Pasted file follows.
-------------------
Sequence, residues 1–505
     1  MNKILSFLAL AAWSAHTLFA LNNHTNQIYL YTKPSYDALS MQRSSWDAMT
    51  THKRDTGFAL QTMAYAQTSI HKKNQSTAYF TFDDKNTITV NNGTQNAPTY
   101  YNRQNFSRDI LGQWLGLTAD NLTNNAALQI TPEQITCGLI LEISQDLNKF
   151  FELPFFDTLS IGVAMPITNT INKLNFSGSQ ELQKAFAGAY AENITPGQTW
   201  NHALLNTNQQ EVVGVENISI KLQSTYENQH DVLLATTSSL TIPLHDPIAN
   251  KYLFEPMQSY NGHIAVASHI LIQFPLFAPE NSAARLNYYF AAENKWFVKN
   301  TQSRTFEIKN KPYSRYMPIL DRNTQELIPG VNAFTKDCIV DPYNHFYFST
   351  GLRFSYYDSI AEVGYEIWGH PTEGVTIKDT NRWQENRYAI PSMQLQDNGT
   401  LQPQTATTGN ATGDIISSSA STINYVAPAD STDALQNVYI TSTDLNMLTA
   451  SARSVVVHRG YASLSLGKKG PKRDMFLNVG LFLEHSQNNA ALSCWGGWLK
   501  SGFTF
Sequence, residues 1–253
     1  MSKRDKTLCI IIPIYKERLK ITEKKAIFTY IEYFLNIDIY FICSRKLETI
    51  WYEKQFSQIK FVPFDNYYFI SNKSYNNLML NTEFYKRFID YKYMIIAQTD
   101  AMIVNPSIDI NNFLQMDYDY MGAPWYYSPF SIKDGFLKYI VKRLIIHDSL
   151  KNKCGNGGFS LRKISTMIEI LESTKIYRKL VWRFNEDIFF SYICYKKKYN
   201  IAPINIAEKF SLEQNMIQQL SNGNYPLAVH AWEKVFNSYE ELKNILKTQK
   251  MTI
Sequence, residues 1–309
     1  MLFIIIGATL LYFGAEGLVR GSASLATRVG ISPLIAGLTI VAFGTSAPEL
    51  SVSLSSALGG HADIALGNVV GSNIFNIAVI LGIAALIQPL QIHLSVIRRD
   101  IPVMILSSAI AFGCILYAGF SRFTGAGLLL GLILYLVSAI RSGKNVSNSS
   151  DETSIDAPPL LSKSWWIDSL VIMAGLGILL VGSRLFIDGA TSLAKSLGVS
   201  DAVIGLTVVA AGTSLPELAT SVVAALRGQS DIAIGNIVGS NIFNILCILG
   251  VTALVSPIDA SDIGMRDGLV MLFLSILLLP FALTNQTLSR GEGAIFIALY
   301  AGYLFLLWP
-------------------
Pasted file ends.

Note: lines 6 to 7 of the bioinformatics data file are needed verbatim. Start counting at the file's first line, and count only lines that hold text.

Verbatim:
   201  NHALLNTNQQ EVVGVENISI KLQSTYENQH DVLLATTSSL TIPLHDPIAN
   251  KYLFEPMQSY NGHIAVASHI LIQFPLFAPE NSAARLNYYF AAENKWFVKN